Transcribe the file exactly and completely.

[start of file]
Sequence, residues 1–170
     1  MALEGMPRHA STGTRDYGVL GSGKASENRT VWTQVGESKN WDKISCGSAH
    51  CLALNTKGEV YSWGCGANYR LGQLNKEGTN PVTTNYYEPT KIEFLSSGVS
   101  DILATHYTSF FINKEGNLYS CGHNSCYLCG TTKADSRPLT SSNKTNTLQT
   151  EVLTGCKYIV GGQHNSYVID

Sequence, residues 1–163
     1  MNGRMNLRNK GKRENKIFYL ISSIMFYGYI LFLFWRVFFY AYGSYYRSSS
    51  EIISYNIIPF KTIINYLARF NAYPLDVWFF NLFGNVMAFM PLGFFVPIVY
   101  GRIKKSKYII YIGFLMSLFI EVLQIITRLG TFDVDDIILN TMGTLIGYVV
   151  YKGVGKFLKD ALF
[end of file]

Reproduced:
Sequence, residues 1–170
     1  MALEGMPRHA STGTRDYGVL GSGKASENRT VWTQVGESKN WDKISCGSAH
    51  CLALNTKGEV YSWGCGANYR LGQLNKEGTN PVTTNYYEPT KIEFLSSGVS
   101  DILATHYTSF FINKEGNLYS CGHNSCYLCG TTKADSRPLT SSNKTNTLQT
   151  EVLTGCKYIV GGQHNSYVID

Sequence, residues 1–163
     1  MNGRMNLRNK GKRENKIFYL ISSIMFYGYI LFLFWRVFFY AYGSYYRSSS
    51  EIISYNIIPF KTIINYLARF NAYPLDVWFF NLFGNVMAFM PLGFFVPIVY
   101  GRIKKSKYII YIGFLMSLFI EVLQIITRLG TFDVDDIILN TMGTLIGYVV
   151  YKGVGKFLKD ALF